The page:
AS A TRIBUTE to a former pupil an Islip primary school has officially opened a new creativity hub for students.

Dr South’s School in Bletchingdon Road has opened the doors of its new creative building built in memory of Lin Cooper, who lived in the village and attended the school in the 1950s.

She died of cancer in 2012 and a trust fund set up in her memory funded the build.

Headteacher Huw Morgan said: “The building has been created in memory of a former pupil and is an area where primary aged children can learn practical and creative skills such as cookery, art, drama and music.

“Lin Cooper went to the school and one thing she excelled at music and art so it was important to not be a classroom but a special place to be creative.”

The building has been in use since January but was officially opened at a ceremony on February 4.

The Bishop of Dorchester Rev Colin Fletcher OBE and diocesan director of education Anne Davey attended the opening.

Friends and family of Lin Cooper also joined the ceremony, which included songs from the children and a blessing from Bishop Colin.

Cousin Rachael Beckley Harris said: “It is great that Lin’s love of practical activities is carrying on. Lin loved sewing, cooking, music and art, and she learned these skills at school.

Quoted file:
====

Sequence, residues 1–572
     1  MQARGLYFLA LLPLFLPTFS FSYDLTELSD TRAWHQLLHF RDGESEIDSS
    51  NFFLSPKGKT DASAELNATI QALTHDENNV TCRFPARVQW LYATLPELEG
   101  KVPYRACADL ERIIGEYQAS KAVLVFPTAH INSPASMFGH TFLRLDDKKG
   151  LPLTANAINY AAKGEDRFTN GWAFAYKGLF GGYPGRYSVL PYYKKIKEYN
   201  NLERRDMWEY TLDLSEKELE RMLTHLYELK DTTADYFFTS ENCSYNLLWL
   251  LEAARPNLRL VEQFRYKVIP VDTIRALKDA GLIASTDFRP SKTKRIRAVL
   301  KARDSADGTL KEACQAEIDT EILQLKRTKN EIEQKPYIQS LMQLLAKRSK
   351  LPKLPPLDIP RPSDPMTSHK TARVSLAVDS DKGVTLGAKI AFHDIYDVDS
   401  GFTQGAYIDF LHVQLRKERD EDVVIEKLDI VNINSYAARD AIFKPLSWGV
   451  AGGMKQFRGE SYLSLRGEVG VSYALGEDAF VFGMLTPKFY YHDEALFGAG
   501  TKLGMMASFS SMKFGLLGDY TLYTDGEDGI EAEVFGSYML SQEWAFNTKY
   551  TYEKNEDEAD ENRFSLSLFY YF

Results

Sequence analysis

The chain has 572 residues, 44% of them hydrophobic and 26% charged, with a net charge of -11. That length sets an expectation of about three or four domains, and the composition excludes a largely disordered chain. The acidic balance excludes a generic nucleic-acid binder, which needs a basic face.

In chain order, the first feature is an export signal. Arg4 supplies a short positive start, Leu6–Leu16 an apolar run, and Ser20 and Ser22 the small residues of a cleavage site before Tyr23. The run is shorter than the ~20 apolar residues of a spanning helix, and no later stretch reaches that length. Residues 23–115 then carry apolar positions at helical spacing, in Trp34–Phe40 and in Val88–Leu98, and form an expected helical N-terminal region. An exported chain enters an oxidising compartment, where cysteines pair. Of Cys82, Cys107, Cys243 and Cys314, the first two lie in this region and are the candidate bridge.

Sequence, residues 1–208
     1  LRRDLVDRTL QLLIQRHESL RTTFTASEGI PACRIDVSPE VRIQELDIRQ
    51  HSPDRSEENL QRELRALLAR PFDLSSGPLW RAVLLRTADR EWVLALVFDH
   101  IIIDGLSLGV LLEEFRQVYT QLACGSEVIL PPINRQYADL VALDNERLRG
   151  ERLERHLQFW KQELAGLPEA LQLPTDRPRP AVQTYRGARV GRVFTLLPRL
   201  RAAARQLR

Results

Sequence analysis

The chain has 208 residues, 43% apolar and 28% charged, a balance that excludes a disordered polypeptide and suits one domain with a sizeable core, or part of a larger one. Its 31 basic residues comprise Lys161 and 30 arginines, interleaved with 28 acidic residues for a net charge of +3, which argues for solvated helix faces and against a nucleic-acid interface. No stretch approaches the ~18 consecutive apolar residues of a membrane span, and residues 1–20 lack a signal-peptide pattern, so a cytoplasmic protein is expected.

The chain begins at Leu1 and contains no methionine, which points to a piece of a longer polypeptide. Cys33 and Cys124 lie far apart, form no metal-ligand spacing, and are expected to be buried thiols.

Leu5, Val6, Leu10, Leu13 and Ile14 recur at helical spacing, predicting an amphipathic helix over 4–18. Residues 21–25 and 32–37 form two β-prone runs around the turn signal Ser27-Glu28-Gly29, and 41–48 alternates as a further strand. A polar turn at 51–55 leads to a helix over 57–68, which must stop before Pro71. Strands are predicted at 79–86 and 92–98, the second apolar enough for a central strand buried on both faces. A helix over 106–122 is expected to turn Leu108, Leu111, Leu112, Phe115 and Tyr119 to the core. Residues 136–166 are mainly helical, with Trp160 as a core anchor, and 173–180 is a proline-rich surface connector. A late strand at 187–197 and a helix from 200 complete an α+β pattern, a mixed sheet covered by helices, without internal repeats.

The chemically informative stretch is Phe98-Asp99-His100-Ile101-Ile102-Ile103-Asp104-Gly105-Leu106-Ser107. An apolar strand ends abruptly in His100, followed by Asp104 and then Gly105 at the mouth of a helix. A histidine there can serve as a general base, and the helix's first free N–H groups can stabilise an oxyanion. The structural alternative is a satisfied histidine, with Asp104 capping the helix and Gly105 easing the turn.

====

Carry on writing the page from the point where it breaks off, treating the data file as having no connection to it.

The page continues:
“There is a picture of her from 1959 showing her receiving the school prize and I would love it if the children of today found a new skill that they can take through life.”

The new hub at the 111-pupil school,will be a place where children are taught skills in groups of eight, such as cooking, pottery, painting, music and drama.

It includes cooking units just the right size for children and folding sound-proofed walls, so that rooms can be sectioned off or opened out as one large area.

Mr Morgan said: “We are privileged to have such a flexible building which enables small groups of children to do a wide range of activities at the same time.

“We are very keen to make sure we have a rounded curriculum which includes cookery classes and high quality music and art.”

He added: “We are doing full cookery classes learning how to peel vegetables or to prepare meat for example and teaching detailed art techniques.

“It is learning at a much thorough level.

“The children love the building and just cannot wait to get in there to do the wide range of activities. To have these facilities for a school of this size is amazing.”

Pupil Islay Miller, eight, said: “It is really fun being able to do lots of different activities. I love doing cooking.”

It is hoped the creative hub will work alongside the village’s community hall in providing facilities for evening and weekend sessions open to all residents.

During the build the school also took the opportunity to redesign the outdoor area, introducing artificial grass and a new playground and climbing frame, funded by the school.

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